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JERUSALEM (CNS) -- The patriarchs and heads of Christian churches of Jerusalem expressed deep concern over the growing violence in Jerusalem, which increased with 331 Palestinians reportedly wounded at the Al-Aqsa Mosque compound during clashes with Israeli police May 10.
"We ... are profoundly disheartened and concerned about the recent violent events in East Jerusalem. These concerning developments, whether at the Al-Aqsa Mosque or in Sheikh Jarrah, violate the sanctity of the people of Jerusalem and of Jerusalem as the City of Peace," the church leaders said in the May 10 statement. Sheikh Jarrah is a neighborhood in East Jerusalem.
At least 21 Israeli police reportedly were injured during the confrontations, which began early in the morning as Israelis prepared to celebrate Jerusalem Day, commemorating what Israel views as the 1968 reunification of Jerusalem and Palestinians see as the start of the Israeli occupation.
Police say they were forced to respond when Palestinians attacked a police post, hurling rocks, fireworks and other objects at police from the Al-Aqsa Mosque compound, a Muslim holy site. The site also is considered holy by Jews, who call it the Temple Mount after the two Jewish Biblical temples that stood there.
"The special character of Jerusalem, the Holy City, with the existing Status Quo, compels all parties to preserve the already sensitive situation in the Holy City of Jerusalem. The growing tension, backed mainly by right-wing radical groups, endangers the already fragile reality in and around Jerusalem," the Christian leaders said in their statement.
In a separate statement May 10, the Latin Patriarchate of Jerusalem also denounced the violence.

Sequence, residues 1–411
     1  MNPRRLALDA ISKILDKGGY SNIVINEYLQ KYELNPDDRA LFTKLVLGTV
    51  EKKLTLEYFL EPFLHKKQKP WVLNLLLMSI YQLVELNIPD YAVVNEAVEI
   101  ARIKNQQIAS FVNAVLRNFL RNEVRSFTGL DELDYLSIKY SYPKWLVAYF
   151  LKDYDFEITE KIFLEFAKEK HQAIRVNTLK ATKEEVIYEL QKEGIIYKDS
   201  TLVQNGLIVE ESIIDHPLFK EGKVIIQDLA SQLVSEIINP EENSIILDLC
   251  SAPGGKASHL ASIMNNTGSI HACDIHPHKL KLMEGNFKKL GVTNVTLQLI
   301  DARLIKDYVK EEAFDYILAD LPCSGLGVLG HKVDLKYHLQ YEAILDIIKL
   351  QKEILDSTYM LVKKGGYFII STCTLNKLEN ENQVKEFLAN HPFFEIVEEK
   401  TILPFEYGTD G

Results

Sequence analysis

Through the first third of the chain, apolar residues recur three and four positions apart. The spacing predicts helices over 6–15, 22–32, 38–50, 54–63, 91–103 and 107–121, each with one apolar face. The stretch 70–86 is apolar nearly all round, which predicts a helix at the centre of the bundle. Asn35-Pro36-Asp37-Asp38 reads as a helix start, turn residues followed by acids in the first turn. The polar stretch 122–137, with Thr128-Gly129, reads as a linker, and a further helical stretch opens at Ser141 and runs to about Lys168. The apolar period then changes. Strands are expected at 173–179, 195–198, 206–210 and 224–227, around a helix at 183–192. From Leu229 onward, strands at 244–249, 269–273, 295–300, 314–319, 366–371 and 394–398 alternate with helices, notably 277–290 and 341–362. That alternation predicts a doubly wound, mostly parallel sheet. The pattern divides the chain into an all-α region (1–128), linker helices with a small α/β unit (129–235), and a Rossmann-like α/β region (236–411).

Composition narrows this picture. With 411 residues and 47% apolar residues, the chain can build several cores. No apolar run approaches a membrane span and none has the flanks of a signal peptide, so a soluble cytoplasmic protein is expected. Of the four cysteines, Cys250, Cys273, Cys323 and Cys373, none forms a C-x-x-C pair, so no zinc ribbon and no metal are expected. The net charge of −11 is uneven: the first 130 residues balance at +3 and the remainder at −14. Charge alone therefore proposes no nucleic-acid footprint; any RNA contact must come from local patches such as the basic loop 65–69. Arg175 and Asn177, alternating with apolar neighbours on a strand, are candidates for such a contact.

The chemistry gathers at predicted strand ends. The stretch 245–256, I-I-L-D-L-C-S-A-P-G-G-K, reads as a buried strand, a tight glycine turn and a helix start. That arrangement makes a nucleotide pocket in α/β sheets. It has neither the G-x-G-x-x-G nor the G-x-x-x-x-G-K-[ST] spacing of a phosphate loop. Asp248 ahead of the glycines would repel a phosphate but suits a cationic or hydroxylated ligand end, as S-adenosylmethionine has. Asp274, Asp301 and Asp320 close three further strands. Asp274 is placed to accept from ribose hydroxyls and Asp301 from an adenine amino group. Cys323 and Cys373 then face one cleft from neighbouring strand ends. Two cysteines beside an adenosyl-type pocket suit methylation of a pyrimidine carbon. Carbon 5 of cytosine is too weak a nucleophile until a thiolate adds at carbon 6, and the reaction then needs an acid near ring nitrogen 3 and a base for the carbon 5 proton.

"The violence used against the worshippers undermines their safety and their rights to have access to the holy places and worship freely," the patriarchate said. "The forced eviction of Palestinians from their homes in Sheikh Jarrah is also an unacceptable violation of the most fundamental human rights, the right to a home."
Throughout April and into May, Jerusalem has been engulfed in the worst violence in years as police prevented Palestinian youth from gathering at the Damascus Gate square during the evenings of the holy month of Ramadan as usual. Police said they were responding to TikTok videos showing Palestinians attacking religious Jews in the area. Tensions have also flared over pending evictions of Palestinians from Sheikh Jarrah.
The Latin Patriarchate said it opposed any attempt to make Jerusalem an exclusive city for anyone.
"This is a sacred city to the three monotheistic religions, and, based on international law and relevant U.N. resolutions, also a city where the Palestinian people, Christians and Muslims, have the same right to build a future based on freedom, equality and peace," it said.